Visually, bike paths can be identified by their painted lanes and bike symbols but functionally, they’re very similar to pedestrian paths. Pedestrians can’t use bike paths, but cyclists can use pedestrian paths.

Which does beg the question: why use bike paths at all when pedestrian paths are clearly more flexible? Bike paths are not obviously faster, nor do cyclists seem to get held up by pedestrians, so on the face of it, using pedestrian paths seems the more versatile option.

I’ve not been able to find anything on it published by Colossal Order, or solid research showing it one way or the other. Regardless, I tend to use bike paths for my cycle highways because it looks better.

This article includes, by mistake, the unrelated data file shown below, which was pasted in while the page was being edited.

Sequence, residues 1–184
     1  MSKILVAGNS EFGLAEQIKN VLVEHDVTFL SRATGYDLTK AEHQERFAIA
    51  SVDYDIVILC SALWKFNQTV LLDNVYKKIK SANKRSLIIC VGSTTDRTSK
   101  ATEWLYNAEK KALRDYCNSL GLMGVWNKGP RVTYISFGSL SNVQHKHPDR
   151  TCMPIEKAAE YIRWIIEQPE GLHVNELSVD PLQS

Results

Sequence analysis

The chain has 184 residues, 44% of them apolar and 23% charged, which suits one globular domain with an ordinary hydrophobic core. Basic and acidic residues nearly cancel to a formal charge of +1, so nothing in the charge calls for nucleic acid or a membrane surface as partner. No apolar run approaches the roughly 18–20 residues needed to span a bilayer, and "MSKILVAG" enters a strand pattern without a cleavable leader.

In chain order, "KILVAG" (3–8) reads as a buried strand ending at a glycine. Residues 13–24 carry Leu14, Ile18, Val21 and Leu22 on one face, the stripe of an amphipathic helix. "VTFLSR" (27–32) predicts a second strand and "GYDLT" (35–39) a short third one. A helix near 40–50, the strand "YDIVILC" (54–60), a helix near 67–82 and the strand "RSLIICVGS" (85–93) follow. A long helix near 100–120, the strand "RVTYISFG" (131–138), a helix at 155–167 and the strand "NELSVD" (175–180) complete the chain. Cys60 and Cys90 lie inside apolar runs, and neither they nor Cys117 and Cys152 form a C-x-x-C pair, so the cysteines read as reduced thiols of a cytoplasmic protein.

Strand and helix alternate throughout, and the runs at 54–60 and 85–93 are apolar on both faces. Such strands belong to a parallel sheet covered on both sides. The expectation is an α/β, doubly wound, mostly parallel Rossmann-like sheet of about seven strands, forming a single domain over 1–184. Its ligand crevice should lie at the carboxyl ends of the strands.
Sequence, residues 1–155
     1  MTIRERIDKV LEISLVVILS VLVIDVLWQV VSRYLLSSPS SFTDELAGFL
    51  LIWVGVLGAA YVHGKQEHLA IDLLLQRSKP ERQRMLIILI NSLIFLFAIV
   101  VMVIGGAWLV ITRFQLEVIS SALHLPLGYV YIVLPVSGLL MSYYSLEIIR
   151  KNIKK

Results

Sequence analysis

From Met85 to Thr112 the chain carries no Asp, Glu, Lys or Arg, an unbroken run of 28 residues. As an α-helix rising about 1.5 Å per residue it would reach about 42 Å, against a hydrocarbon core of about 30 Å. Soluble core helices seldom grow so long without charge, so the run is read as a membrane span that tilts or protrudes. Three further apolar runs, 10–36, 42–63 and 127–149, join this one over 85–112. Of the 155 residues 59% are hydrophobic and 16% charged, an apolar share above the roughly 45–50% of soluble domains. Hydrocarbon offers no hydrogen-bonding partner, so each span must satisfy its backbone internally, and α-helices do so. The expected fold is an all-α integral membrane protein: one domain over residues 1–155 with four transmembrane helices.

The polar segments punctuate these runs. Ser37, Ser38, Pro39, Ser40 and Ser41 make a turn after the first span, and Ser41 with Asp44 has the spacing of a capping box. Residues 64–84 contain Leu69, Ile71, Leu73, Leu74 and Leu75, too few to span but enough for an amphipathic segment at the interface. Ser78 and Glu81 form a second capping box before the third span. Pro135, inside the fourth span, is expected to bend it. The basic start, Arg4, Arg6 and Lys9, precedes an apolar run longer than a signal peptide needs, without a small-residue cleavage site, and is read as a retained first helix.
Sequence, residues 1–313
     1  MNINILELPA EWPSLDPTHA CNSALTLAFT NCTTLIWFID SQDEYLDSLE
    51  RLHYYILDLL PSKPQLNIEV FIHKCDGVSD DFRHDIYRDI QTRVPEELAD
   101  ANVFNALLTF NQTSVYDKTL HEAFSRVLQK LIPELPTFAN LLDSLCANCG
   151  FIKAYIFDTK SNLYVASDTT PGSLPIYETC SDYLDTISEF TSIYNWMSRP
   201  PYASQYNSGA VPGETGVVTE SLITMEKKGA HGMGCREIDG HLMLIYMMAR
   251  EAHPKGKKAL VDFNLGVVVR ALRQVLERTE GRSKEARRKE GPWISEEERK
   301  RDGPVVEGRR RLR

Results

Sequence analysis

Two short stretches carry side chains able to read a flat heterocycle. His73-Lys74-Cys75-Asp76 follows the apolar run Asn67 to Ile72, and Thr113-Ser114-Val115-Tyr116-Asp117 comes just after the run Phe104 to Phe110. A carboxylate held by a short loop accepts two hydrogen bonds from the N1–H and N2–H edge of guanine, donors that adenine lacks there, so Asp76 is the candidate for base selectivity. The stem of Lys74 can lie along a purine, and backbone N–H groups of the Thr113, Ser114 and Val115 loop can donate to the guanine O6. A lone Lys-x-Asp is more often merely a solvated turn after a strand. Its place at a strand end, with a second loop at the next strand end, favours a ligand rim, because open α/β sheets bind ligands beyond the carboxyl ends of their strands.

Occasional transition problems

Sometimes, I have noticed pathing behaviour I couldn’t quite understand. This post on the forums is an example. In this case, there’s a problem with how the bike paths connect with the roads.

I think that what might be happening here is that riders haven’t got a way of transitioning from the bike path to the bike lane, because they aren’t allowed to cross the sidewalk. I think that’s because there’s no valid junction for them to use - so keep that in mind when designing interchanges.


Biking superhighway

I hope you found this handy! Biking is a great addition to the game and can genuinely replace a lot of local and even shorter medium-distance public transport routes. It’s especially good for connecting different city areas with fast, direct routes that have no problem with capacity and passenger throughput. Whether they’re over, under, or along the ground, bike highways can keep vast numbers of cars off the road, look great, and let you create your own Dutch-style biking haven.

Thanks for reading. If you end up buying After Dark and want to support the thanks (thanks so much!), please use one of these affiliate links: Humble Bundle. Thanks again!